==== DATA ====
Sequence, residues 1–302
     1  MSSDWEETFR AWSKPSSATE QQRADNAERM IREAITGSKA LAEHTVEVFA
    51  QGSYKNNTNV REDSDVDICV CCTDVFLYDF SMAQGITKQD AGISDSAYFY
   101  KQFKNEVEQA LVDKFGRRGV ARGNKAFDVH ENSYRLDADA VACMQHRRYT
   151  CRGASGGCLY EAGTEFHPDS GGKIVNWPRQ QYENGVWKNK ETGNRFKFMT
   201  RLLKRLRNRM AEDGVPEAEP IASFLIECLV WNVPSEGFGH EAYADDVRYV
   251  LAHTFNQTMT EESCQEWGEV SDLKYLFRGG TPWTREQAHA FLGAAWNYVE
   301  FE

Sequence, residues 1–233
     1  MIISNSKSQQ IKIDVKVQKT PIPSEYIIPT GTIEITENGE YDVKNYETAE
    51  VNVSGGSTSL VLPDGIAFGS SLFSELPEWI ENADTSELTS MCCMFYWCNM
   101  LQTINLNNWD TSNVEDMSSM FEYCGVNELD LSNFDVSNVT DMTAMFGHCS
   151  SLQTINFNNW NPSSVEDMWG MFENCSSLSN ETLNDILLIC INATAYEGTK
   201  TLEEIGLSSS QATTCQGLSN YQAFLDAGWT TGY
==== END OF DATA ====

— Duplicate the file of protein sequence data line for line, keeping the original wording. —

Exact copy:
Sequence, residues 1–302
     1  MSSDWEETFR AWSKPSSATE QQRADNAERM IREAITGSKA LAEHTVEVFA
    51  QGSYKNNTNV REDSDVDICV CCTDVFLYDF SMAQGITKQD AGISDSAYFY
   101  KQFKNEVEQA LVDKFGRRGV ARGNKAFDVH ENSYRLDADA VACMQHRRYT
   151  CRGASGGCLY EAGTEFHPDS GGKIVNWPRQ QYENGVWKNK ETGNRFKFMT
   201  RLLKRLRNRM AEDGVPEAEP IASFLIECLV WNVPSEGFGH EAYADDVRYV
   251  LAHTFNQTMT EESCQEWGEV SDLKYLFRGG TPWTREQAHA FLGAAWNYVE
   301  FE

Sequence, residues 1–233
     1  MIISNSKSQQ IKIDVKVQKT PIPSEYIIPT GTIEITENGE YDVKNYETAE
    51  VNVSGGSTSL VLPDGIAFGS SLFSELPEWI ENADTSELTS MCCMFYWCNM
   101  LQTINLNNWD TSNVEDMSSM FEYCGVNELD LSNFDVSNVT DMTAMFGHCS
   151  SLQTINFNNW NPSSVEDMWG MFENCSSLSN ETLNDILLIC INATAYEGTK
   201  TLEEIGLSSS QATTCQGLSN YQAFLDAGWT TGY